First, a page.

Getting from where you are to where you want to go as a business takes investing in people.  The first step is for leaders to conduct an organizational assessment and to gain more in-depth knowledge of available resources.  The second step is connecting and reconnecting employees to the mission, vision, core values and strategies of the organization.  The third step is to set their GPS for success by investing in Inside Out Leadership.  This process accelerates leadership skills, builds stronger teams, leads to a well-balanced life, and a better relationship with self, family and co-workers. It is results oriented and uses a common language. The process focuses visionary leaders on collaboration vs. competition as they lead their teams to become solution seekers and implementers.  The organization will experience an even better organizational culture and effective interdepartmental communication and collaboration with greater performance results. The process transforms knowledge to understanding to wisdom, and inspires leaders to create even greater results as they move from “just management” to true leadership.  


The above results in people delivering their very best.   When people become aware that they create their own reality, have the tools and know how to use them, they will.

Tags:  Business  Career  leadership  management  MBA Women  NAWMBA  women  WomeninBusiness  WomenMBA 

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Get What You Want: 5 Expert Negotiating Tips

Posted By Julie McReynolds, Wednesday, November 29, 2017
Updated: Wednesday, November 1, 2017

Get What You Want: 5 Expert Negotiating Tips

Professor Malia Mason studies and teaches negotiation tactics at Columbia Business School. Here, she shares a few tips for getting what you want at the negotiating table.

1. Grow and know your BATNA.

Power comes from your indifference towards the deal. If you approach the bargaining table with a willingness to walk away because you have an amazing alternative (known as a BATNA, or Best Alternative To a Negotiated Agreement), you automatically have leverage. But BATNAs don’t just magically appear in your lap—you have to create options for yourself, and good ones! The single best way to spend your time preparing for a negotiation is by locking down a BATNA. Be disciplined about it, and articulate to yourself exactly what it is and how much you value it. How can you possibly know whether to accept or walk away from an offer at the negotiating table if you don’t know the value of your alternative?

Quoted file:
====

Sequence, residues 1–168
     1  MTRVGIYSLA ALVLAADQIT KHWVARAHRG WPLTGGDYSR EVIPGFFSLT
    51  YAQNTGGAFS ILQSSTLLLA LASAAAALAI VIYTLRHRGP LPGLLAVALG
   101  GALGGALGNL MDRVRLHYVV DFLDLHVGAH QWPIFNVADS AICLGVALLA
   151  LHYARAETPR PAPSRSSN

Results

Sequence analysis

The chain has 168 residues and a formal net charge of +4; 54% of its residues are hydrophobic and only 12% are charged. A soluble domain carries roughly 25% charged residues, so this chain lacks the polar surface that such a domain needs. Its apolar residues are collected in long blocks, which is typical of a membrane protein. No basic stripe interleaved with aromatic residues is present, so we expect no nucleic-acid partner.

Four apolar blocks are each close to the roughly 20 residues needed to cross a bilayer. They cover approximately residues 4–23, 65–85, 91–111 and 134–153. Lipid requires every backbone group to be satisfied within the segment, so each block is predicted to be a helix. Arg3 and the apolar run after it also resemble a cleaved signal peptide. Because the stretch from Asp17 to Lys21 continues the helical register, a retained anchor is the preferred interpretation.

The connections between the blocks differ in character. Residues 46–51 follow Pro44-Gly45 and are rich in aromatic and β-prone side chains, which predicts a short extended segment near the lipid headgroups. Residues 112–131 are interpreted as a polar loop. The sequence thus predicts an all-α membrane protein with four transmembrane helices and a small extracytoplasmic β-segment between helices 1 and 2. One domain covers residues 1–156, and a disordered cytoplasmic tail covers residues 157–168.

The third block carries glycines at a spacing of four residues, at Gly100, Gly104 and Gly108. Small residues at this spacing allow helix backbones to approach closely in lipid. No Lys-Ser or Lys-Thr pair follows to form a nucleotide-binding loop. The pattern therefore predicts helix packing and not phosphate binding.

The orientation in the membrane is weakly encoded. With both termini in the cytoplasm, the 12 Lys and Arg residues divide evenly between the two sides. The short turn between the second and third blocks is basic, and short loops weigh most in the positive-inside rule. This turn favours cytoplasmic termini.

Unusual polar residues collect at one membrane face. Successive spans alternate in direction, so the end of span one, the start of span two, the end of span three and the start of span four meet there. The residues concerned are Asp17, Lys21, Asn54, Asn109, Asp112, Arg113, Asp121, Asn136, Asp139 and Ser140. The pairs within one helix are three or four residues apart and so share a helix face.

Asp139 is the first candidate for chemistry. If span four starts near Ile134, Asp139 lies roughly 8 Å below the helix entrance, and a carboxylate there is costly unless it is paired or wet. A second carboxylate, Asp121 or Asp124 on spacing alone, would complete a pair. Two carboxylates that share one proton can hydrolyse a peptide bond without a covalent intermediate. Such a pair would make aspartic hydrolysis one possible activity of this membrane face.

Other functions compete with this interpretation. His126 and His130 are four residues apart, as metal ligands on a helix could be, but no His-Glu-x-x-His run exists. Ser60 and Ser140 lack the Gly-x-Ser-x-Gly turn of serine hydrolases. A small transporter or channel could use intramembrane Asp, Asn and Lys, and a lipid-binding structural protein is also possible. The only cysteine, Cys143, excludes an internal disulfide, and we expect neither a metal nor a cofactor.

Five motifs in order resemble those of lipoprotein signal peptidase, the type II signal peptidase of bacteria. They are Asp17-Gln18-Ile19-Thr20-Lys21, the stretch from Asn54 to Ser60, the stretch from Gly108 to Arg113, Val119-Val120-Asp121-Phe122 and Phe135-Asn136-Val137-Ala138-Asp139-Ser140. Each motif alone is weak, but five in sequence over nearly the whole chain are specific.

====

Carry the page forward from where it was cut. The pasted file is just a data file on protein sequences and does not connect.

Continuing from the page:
You want to sell your house for a certain amount. If a potential buyer isn’t willing to pay that much, your BATNA might be to rent it out until the market improves.

2. Know what success looks like.

What are you trying to accomplish here? Are you trying to get the best price? Are you looking to forge a new relationship? Maybe you’re just looking to school your counterpart. There are many ways to succeed (and fail) in negotiating, but it’s next to impossible to know how to proceed—what to offer, how much to push back, what to concede, and so forth—if you don’t know what you are trying to get. The dynamics you foster with your counterpart will depend on it. Orient yourself around the standards with which you will judge your performance afterwards.


Say you’re hiring a new employee. One of your goals is to bring her on at a salary that’s commensurate with her experience level. But, in this instance, you also care a great deal about her start date, because she’s taking the spot of another employee who’s leaving and you can’t afford to have the position unfilled for long. For you, success is a combination of making sure you don’t overpay and bringing her on staff quickly. Balancing those goals should guide the way you behave during the negotiation.

3. Have an offer strategy.

Will you make the initial offer? Or will you wait for the other person to go first? What will you say if he or she asks you to suggest a starting point for the deal? How extreme will your offer be? What form will it take? And what is your narrative around why your initial proposal is a legitimate one? Initial offers can have an anchoring effect on final settlements, so it’s worth giving this special consideration. What you do here should be conditioned on how you define success.


If your goal is to forge a strong relationship with a prospective long-term business partner, asking them to make the initial offer could be a smart opening gesture.

4. Have an information strategy.

First, before the negotiation, it’s worth giving some thought to what information you don’t know about your counterpart that would be useful. Obvious questions include: Why is this person buying or selling? What issue on the table is a top priority for your counterpart? Second, it’s worth thinking about how to respond to sensitive questions that might be asked of you, like, “What is your budget?” Or, “What are your alternatives?” You want to position your situation in the best light, and you certainly don’t want to lie about your circumstances, which people are more prone to do when they haven’t considered their answers beforehand.


If there’s a question you hope to avoid, plan in advance how to dodge it elegantly and move on. (“We aren’t quite ready to discuss our exact budget for this year, but I’d love to know how much you usually charge…” etc.) Meanwhile, if there’s a question you want to ask (“Have you taken on any other new clients recently?”), figure out how to word it and how the response will affect your strategy ahead of time. 

5. Assume you don’t know.